Realization. Once governments proceed through the denial and temporizing rings of the deficit inferno, they often will be forced to acknowledge the actual magnitude of the fiscal gaps they face. A key step in this process of fiscal awareness is recognizing that deficits stem not from temporary shortfalls caused by short-term economic factors or other passing events but rather have their roots in longer-term structural forces that must be addressed. The failure to address structurally caused deficits by sustainable and permanent changes in revenues and spending will consign governments to a politically damaging cycle of repetitive budget cuts and tax increases, eroding the credibility of the leaders themselves.

Structural reforms. Structural changes in spending include reforms that promise to bend the cost curve for government commitments and operations. Pension reforms extending minimum retirement ages and sentencing guidelines decriminalizing certain drug offenses are two recent structural reforms being discussed as necessary to close daunting fiscal gaps. Revenue reforms to extend sales taxes to services and remote Internet sales are two such steps on the tax side.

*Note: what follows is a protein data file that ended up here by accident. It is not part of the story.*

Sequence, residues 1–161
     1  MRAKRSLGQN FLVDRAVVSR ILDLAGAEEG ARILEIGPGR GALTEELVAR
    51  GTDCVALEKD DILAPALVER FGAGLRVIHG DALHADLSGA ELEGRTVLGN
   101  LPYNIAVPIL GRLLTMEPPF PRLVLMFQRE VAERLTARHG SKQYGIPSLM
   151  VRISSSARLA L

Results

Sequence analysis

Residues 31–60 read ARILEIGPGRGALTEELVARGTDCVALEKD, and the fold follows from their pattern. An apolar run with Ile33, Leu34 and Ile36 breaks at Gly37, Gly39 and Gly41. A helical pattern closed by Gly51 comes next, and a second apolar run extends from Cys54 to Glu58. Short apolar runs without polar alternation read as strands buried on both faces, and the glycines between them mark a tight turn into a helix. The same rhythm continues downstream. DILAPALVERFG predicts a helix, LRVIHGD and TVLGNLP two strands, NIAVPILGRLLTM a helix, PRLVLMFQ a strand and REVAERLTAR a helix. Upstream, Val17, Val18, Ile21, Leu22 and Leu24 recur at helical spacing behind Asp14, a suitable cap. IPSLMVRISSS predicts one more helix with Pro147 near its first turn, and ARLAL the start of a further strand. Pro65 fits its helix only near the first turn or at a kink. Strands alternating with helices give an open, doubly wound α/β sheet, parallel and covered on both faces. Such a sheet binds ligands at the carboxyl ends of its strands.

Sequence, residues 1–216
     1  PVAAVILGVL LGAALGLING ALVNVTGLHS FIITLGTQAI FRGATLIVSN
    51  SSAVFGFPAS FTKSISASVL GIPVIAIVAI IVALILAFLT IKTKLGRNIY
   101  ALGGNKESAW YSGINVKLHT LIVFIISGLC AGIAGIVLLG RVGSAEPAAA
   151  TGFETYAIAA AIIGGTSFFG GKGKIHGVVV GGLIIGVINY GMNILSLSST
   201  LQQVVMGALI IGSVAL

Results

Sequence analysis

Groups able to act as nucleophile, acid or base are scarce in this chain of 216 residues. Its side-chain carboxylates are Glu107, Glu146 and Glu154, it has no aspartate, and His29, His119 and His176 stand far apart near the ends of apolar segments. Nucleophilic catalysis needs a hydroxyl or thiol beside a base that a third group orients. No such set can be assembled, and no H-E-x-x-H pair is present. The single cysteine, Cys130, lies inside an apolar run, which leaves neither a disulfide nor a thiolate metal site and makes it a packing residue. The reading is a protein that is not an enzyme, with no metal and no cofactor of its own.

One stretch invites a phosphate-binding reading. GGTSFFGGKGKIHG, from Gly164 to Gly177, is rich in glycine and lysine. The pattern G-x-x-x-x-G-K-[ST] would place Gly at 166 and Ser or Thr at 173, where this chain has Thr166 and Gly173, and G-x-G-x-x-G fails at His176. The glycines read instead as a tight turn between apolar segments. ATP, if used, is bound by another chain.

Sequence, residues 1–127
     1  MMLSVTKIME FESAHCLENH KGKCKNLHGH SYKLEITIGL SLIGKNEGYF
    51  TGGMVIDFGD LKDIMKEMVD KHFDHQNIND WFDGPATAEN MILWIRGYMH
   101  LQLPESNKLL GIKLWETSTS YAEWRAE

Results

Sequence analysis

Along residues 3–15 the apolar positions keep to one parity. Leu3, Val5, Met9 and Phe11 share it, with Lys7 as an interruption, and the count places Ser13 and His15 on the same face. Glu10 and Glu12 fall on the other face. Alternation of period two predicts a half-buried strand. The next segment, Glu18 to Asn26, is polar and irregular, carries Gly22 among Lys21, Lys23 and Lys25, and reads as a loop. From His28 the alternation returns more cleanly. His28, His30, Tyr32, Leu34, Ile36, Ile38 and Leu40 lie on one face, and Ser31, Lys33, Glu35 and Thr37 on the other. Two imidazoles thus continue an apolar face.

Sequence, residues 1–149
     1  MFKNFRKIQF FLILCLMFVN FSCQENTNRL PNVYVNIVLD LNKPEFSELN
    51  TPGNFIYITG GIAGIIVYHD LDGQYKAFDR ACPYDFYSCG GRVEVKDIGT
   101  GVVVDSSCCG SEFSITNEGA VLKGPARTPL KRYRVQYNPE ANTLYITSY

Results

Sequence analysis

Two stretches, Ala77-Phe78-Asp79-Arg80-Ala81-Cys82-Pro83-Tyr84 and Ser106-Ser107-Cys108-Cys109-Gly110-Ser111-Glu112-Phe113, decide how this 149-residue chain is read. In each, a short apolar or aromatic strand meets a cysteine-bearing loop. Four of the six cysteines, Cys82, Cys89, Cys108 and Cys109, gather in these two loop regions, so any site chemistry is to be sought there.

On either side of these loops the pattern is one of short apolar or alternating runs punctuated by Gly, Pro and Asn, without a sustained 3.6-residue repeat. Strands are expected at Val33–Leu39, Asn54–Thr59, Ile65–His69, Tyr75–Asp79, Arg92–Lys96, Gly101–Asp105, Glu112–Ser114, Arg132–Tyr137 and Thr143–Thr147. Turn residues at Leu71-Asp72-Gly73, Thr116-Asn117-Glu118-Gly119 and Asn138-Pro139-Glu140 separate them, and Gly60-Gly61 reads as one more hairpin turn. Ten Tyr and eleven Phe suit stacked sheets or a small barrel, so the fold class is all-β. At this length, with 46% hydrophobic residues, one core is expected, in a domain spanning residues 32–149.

Foresight and prevention. The final ring in the deficit inferno is the stage I will call preventative actions. In this stage, federal and state officials actually exercise foresight to mitigate and prevent future fiscal problems from burdening future taxpayers and public officials. Examples of actions here include the provision of funding for unfunded pension liabilities and setting aside a portion of revenues for a rainy day fund. While such foresight is difficult indeed to do in the teeth of a fiscal crisis, nonetheless policymakers have risen to this high standard at federal, state and local levels of government in the past. Recently, for instance, in the midst of significant budget deficits, Michigan set aside significant new funds to shore up funding for future pension commitments. Those governments reaching this last ring of the inferno may or may not gain the appreciation of current voters, but future taxpayers and voters alike will have good reason to applaud them for having the foresight to balance both current and future generations in hard times.